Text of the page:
More than two-dozen of the world’s largest pharmaceutical companies have agreed to help fund Interpol’s newly created Pharmaceutical Crime program to the tune of $5.9 million over the next three years. The program is aimed at helping health agencies, police and custom bureaus around the globe put an end to the trafficking of bogus meds.
The amount, however, pales when you consider that authorities now estimate that the sales of counterfeit, contaminated, or otherwise illegal drugs total $430 billion a year.
Still, the pledged funds will enable the international police agency to train local law enforcement officials on investigation techniques, evidence handling and how to work with colleagues outside their home countries. In addition, Interpol will help those authorities “build up infrastructure and target enforcement against crime rings that make and sell fake medications, etc,” according to Aline Plancon, head of Interpol’s counterfeiting and pharmaceutical crime program.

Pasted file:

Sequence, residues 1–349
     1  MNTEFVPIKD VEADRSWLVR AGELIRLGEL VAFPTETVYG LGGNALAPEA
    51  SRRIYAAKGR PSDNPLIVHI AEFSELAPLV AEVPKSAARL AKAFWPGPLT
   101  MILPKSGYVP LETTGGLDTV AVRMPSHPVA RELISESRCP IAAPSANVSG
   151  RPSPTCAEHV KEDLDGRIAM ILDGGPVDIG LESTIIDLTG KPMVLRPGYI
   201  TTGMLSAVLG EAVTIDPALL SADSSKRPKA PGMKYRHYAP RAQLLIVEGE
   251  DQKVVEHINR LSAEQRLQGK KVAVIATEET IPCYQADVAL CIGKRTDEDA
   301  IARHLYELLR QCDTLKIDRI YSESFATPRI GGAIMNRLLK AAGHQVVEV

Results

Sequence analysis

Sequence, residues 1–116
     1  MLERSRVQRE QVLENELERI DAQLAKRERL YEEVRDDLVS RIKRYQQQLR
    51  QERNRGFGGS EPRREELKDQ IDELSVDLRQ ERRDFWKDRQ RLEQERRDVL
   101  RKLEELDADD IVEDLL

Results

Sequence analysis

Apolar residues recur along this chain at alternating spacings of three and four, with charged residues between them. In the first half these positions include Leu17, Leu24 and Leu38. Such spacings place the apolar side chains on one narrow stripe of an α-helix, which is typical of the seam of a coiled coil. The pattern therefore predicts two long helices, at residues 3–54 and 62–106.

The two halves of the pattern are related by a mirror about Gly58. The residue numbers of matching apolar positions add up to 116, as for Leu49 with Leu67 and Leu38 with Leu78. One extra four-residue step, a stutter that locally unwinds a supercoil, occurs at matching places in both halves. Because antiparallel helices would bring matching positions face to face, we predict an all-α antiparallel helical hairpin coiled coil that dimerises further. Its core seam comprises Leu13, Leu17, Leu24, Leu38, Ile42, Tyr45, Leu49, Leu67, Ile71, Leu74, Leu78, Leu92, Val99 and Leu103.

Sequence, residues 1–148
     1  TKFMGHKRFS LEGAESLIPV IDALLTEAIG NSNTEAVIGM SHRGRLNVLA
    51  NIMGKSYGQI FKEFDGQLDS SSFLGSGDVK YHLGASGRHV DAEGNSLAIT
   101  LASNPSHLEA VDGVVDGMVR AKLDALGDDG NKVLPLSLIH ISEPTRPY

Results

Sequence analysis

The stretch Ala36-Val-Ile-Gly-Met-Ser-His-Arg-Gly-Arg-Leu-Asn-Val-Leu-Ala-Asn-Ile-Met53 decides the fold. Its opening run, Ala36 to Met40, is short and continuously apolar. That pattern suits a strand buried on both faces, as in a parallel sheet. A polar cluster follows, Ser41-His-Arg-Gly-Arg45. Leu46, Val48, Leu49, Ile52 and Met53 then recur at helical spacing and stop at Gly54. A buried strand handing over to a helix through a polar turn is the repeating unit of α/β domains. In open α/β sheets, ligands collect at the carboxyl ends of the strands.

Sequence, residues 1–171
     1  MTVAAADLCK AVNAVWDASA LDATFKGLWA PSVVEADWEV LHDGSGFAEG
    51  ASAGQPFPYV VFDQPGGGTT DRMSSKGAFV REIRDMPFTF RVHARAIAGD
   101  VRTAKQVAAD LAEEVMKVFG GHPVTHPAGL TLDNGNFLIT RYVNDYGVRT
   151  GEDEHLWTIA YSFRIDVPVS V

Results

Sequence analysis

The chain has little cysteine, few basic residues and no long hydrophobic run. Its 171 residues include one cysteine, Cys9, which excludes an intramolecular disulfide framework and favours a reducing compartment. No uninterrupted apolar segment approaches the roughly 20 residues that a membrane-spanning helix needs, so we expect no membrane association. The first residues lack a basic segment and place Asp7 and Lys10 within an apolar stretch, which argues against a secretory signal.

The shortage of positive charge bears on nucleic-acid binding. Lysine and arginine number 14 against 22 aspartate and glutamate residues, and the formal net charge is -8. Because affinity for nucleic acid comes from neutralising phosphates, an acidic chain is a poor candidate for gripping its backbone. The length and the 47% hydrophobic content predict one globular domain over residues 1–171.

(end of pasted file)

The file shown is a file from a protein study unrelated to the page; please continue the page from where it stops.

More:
Not only do the counterfeiting rings cost legitimate drugmakers a small fortune in loss sales, but they also cost hundreds of thousands of unsuspecting people their lives due to poisoning as well as from the fact that they are not receiving the medications the doctors prescribe. In fact the World Health Organization estimates that nearly 50% of the drug supply in developing countries may be fake, while the most dangerous of the counterfeit meds are sold to those in developed nations through “rogue” online pharmacies.